The effectiveness of personalized e-mail newsletters and the role of personal characteristics

Ewa Maslowska, Bas Van Den Putte, Edith G. Smit

Research output: Contribution to journalArticlepeer-review


Personalizing communication means creating persuasive messages that refer to aspects of a person's self. Although the use of personalization is increasing, research on its effectiveness is limited and the results are mixed. This study examined the persuasiveness of personalized e-mail newsletters in terms of increased attention, cognitive activity, evaluation, attitude, intention, and behavior by means of an experiment (n=109). Participants randomly received either a personalized or a generic newsletter advertising a sports center. Personalization triggered a more positive evaluation of the message; however, it did not influence the other effect variables. The effects were moderated by consumers' need for uniqueness, trust, and privacy concerns, suggesting that personalization is a good strategy to increase message evaluation only among individuals who have a high need for uniqueness.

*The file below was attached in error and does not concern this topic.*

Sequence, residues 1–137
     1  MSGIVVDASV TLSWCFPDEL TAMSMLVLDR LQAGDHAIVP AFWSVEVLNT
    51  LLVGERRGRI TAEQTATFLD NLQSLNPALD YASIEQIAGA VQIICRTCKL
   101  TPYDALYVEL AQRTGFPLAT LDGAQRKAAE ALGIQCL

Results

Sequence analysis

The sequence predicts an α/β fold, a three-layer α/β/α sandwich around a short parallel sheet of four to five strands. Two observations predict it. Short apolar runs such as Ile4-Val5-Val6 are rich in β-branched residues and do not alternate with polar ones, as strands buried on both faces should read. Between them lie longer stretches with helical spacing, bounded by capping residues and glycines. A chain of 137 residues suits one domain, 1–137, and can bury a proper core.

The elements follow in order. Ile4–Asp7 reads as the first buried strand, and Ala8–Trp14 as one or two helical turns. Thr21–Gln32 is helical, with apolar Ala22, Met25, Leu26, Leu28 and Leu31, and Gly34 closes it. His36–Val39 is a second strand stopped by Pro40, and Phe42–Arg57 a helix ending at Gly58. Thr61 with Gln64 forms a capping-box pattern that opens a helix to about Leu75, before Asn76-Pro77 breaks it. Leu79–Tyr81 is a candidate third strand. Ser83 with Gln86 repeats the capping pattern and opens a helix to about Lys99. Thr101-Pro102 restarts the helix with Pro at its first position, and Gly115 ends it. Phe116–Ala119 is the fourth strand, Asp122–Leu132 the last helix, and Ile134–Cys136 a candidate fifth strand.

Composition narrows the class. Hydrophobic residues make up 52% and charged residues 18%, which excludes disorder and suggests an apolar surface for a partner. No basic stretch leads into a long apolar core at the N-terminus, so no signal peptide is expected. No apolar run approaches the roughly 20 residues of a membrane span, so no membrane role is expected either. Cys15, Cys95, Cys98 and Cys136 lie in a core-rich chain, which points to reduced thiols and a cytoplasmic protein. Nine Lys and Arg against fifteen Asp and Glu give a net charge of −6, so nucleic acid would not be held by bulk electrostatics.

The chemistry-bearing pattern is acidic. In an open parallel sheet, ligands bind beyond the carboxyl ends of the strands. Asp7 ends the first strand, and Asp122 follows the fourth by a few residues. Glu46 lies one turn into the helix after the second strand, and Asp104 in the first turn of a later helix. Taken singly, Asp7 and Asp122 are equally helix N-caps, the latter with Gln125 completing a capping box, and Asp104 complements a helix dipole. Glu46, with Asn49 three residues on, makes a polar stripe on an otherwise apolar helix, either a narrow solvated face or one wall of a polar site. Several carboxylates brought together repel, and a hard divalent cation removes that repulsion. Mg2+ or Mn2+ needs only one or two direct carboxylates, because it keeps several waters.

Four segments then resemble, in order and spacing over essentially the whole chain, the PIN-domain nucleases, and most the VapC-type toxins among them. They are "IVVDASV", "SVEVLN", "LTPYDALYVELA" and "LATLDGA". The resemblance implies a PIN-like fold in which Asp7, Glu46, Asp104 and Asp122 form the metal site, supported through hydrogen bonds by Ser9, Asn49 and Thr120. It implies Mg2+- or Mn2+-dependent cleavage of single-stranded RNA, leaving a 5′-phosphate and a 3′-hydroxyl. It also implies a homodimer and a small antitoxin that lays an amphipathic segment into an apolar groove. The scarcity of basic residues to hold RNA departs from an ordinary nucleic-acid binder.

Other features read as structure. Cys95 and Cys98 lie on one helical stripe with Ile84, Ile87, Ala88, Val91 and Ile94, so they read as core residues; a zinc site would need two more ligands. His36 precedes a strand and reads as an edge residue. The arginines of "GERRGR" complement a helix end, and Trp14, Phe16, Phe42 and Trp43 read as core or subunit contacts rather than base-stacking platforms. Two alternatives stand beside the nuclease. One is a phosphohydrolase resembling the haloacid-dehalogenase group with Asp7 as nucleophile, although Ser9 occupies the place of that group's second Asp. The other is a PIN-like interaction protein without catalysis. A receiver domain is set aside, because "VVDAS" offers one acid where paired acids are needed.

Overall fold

Original languageEnglish (US)
Pages (from-to)765-770
Number of pages6
JournalCyberpsychology, Behavior, and Social Networking
Issue number12
StatePublished - Dec 1 2011
Externally publishedYes

ASJC Scopus subject areas

  • Social Psychology
  • Communication
  • Applied Psychology
  • Human-Computer Interaction
  • Computer Science Applications


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